Ever since White House press secretary Sean Spicer started spewing outrageous claims about Donald Trump and White House counselor Kellyanne Conway coined the term 'alternative facts' earlier this week, we've been up in arms about the destruction of the English language and of truth.
Thankfully, a 186-year-old dictionary on American/English language has come to the rescue and it's not holding back.
Since news of Trump's election win, American online dictionary Merriam-Webster has become the social media queen of sass, calling out the Trump administration's loose use of language, its bizarre tendency to make up words and its misunderstanding of even the most fundamental of words.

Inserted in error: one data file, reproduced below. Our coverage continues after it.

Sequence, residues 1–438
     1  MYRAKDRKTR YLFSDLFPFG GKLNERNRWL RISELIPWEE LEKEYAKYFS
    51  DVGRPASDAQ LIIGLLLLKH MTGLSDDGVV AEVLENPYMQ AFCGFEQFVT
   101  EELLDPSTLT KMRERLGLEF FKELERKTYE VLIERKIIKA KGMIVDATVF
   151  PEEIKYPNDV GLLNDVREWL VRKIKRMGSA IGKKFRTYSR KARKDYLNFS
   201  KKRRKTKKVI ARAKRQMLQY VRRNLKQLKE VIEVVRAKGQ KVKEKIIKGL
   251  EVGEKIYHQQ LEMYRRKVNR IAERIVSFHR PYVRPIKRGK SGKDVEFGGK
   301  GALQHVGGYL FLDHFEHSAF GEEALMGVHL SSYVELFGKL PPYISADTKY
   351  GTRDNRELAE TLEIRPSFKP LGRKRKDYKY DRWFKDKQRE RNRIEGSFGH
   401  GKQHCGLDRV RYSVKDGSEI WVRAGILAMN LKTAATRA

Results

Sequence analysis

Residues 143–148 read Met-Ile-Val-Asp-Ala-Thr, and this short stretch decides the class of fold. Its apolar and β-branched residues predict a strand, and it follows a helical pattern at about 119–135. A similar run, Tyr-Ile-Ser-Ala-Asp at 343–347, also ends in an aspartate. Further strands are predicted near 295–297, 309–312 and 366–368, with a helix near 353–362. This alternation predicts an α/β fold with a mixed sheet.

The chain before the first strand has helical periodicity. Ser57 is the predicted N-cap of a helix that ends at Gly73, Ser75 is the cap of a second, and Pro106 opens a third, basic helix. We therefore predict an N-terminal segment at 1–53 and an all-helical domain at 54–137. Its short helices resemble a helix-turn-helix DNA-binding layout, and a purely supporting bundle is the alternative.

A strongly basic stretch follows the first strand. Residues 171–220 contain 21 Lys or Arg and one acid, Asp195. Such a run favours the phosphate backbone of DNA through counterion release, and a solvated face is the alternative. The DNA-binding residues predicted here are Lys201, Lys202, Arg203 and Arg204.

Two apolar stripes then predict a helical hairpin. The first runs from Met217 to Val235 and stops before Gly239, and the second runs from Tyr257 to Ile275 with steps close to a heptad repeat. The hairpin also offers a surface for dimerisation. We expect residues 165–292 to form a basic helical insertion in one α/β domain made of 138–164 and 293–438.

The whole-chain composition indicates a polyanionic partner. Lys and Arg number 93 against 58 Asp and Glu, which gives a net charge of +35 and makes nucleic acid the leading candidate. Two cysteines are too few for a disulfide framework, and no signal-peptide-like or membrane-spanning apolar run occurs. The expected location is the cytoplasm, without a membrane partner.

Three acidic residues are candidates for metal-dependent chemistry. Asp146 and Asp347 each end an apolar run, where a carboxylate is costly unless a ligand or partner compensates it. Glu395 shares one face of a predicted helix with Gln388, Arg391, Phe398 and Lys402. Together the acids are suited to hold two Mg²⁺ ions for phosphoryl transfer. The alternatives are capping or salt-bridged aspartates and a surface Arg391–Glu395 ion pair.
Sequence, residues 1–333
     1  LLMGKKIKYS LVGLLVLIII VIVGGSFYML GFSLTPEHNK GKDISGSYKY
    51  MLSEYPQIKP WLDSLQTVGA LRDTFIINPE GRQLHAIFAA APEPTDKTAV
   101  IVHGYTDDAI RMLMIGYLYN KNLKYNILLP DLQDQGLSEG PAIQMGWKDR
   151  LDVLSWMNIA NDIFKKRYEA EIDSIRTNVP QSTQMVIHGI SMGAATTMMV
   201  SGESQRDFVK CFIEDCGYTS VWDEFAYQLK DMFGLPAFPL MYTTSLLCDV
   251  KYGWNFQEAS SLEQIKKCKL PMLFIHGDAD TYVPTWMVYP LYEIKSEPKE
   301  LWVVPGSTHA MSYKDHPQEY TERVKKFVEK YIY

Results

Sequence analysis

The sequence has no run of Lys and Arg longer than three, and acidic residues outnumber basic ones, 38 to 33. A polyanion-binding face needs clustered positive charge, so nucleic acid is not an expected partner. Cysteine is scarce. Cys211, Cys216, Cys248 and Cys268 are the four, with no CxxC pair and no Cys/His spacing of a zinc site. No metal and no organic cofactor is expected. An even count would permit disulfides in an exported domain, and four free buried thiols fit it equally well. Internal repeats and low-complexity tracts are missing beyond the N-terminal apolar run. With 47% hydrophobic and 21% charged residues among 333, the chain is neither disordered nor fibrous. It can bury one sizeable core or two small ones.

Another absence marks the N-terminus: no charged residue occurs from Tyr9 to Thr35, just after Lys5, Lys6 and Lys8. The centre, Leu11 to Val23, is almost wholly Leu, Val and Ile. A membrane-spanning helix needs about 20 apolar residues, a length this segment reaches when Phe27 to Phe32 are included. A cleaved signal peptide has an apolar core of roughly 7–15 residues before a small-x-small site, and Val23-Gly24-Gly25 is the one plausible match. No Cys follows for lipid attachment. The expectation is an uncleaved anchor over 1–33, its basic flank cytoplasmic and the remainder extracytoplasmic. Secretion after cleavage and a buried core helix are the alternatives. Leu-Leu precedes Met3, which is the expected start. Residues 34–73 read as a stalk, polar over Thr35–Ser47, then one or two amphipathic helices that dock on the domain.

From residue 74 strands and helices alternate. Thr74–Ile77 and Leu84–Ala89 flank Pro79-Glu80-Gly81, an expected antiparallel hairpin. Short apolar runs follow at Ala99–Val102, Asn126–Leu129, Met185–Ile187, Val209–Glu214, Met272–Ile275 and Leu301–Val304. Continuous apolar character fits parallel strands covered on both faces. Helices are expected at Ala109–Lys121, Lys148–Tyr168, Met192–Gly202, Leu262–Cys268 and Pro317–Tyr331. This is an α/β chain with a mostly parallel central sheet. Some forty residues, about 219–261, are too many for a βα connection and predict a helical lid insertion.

Lauren Naturale, Merriam-Webster's content and social media manager, told Mashable: 'Conversations there are a lot livelier than they were this time a year ago.
'It's really exciting: I'm pretty sure we have the smartest, funniest followers on the internet,' she added.
'The goal is to make the dictionary relevant to people's everyday lives in a way that's authentic and that reflects the way we talk to each other in real life,' said Naturale.
Who knew a dictionary could be so sassy?